- Arguments with extended family with different beliefs: “I’m so excited for the holiday get-together. As a general rule, I’d like to request that we stay away from controversial topics like religion and politics this year. Let’s keep the mood light and talk about other meaningful topics!”
- Deciding what plans to attend and not attend: “I appreciate your invitation to the holiday party! I’ve decided to keep things small this year and only attend small get-togethers, as this is what I’m most comfortable with. I hope you have fun. Perhaps we can grab coffee next week.”
3. Know that it is okay to excuse yourself and say “No.”
There is nothing wrong with leaving an event early or saying “No,” if you feel pressure about something you are uncomfortable with. Although you don’t owe anyone a detailed explanation, sometimes a quick reasoning about why you are leaving early or canceling helps eliminate the chance of them getting offended. Here are some example scripts for excusing yourself from common holiday stressors:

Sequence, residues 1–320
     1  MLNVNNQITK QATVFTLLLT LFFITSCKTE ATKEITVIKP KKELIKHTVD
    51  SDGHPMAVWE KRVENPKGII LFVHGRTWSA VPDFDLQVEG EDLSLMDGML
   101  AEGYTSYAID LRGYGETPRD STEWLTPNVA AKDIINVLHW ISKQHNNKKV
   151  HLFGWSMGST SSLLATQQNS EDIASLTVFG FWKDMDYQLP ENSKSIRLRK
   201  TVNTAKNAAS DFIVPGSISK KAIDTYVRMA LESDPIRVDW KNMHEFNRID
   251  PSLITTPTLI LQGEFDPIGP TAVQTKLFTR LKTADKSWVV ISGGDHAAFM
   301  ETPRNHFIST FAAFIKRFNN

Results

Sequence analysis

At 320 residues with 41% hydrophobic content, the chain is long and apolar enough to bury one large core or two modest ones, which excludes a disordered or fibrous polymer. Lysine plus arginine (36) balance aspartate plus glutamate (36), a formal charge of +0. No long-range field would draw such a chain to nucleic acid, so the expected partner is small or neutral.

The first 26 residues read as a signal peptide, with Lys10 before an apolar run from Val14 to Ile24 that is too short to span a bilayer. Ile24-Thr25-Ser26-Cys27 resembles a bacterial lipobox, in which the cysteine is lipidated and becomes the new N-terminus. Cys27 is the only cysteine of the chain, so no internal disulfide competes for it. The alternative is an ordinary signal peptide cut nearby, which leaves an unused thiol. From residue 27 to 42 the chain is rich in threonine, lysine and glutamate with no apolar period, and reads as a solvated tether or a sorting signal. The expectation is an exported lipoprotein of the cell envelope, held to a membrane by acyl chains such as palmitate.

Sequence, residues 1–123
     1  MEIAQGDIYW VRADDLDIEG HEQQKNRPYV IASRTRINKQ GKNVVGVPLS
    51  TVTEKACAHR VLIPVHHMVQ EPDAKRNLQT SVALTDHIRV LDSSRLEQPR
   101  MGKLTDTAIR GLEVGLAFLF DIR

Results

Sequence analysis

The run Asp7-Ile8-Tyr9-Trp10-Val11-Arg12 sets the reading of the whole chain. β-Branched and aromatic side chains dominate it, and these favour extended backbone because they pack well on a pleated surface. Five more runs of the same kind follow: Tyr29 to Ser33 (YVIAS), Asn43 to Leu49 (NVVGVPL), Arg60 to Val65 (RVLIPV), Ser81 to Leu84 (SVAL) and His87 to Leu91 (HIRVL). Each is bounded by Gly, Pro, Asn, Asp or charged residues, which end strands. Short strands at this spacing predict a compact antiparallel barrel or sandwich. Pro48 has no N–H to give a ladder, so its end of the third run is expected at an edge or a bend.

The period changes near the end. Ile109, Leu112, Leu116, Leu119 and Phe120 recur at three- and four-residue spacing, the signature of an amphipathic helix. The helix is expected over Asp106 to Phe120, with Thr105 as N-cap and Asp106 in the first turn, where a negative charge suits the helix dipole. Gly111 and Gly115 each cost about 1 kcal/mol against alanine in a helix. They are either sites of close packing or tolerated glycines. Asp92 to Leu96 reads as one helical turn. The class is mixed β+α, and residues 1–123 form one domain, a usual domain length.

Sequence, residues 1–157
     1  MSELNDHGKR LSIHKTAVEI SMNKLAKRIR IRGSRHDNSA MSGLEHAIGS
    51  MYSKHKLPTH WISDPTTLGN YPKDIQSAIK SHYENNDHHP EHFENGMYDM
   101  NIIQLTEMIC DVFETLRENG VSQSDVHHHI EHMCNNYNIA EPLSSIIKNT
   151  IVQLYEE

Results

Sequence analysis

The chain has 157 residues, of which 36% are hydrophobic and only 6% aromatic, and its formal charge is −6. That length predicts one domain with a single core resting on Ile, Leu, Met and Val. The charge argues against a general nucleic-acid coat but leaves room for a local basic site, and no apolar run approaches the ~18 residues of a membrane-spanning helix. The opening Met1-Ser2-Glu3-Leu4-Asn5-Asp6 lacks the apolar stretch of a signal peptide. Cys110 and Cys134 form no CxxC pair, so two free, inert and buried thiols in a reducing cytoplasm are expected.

- Speaking to your family about financial worries: “Money has been a bit tight this year, so I’ll be sitting out of the secret Santa gift exchange this time around. I’m still so excited to attend the party, though! ”
- Arguments with extended family with different beliefs: “No, I’d rather not talk about that topic. Let’s change the subject!”
- Deciding what plans to attend and not attend: “I had a great time tonight, but I’m feeling a bit tired and overwhelmed. I’m going to head home early. Thanks for having me!”
4. Set consequences for your boundaries.
Sometimes, for others to take you seriously, you must make it clear that there will be consequences if your boundaries are crossed. This is not being rude or harsh—it’s standing up for yourself and setting expectations for how you expect to be treated.
- Speaking to your family about financial worries: “I don’t want there to be any judgment passed because of my smaller budget for gifts. If I experience this from family, I will point it out.”
- Arguments with extended family with different beliefs: “I am requesting that nobody asks for my stance on politics this year, as it makes me uncomfortable. If I experience this, I will have to excuse myself from the conversation.”
- Deciding what plans to attend and not attend: “I don’t want to be pressured into staying at an event if I get anxious. If pressured, I will not attend the next event.”
5. Put yourself and your mental health first.
Putting your well-being first is never selfish. At the end of the day, your mental health is most important. Feel proud of yourself for being vulnerable, assertive, and honest—it’s not an easy thing to do!
Setting boundaries can be difficult, but the result of them makes life so much easier. Hopefully, you feel inspired to set healthy boundaries with your family and have a happy holiday season!